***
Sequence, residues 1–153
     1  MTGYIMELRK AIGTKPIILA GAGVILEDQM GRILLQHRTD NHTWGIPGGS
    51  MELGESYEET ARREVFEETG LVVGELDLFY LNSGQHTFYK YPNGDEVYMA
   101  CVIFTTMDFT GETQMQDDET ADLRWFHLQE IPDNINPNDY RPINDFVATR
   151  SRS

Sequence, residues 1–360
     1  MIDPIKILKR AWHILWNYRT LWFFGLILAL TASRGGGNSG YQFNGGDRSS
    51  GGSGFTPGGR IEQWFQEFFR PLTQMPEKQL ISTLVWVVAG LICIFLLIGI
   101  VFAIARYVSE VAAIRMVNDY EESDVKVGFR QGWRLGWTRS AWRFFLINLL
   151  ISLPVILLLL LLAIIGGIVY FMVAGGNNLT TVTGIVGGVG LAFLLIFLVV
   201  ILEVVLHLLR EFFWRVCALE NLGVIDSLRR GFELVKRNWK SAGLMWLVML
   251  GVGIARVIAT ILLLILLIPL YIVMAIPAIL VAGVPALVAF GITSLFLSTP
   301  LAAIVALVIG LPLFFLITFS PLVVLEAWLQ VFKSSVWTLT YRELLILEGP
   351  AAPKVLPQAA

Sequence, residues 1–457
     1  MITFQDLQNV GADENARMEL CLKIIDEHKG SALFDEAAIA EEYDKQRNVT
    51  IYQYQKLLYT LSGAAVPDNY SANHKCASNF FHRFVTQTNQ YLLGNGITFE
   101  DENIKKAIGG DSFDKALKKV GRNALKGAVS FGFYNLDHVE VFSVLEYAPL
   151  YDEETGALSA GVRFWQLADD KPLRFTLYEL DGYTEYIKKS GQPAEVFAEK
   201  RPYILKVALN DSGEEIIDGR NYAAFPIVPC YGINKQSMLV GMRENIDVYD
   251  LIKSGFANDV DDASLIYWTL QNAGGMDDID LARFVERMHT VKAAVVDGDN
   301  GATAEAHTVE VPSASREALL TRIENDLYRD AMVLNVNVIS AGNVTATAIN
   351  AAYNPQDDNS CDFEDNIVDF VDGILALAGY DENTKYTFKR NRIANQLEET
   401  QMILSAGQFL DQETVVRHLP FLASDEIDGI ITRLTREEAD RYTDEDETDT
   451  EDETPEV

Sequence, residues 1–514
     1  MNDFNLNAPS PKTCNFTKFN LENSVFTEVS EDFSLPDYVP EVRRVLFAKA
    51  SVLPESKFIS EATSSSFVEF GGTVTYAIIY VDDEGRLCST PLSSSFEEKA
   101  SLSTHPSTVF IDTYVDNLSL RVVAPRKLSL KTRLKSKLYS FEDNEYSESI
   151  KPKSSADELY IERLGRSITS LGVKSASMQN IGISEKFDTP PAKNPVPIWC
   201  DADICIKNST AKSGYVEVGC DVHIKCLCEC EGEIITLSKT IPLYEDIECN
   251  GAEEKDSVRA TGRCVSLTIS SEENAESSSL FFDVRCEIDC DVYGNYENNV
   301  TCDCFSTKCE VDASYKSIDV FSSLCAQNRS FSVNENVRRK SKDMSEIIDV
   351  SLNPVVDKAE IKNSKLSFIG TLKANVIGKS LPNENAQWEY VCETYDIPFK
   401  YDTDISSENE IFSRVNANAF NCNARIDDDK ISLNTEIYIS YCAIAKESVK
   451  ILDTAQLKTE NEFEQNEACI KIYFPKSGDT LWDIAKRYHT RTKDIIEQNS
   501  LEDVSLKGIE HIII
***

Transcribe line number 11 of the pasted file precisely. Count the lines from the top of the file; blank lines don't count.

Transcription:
   201  ILEVVLHLLR EFFWRVCALE NLGVIDSLRR GFELVKRNWK SAGLMWLVML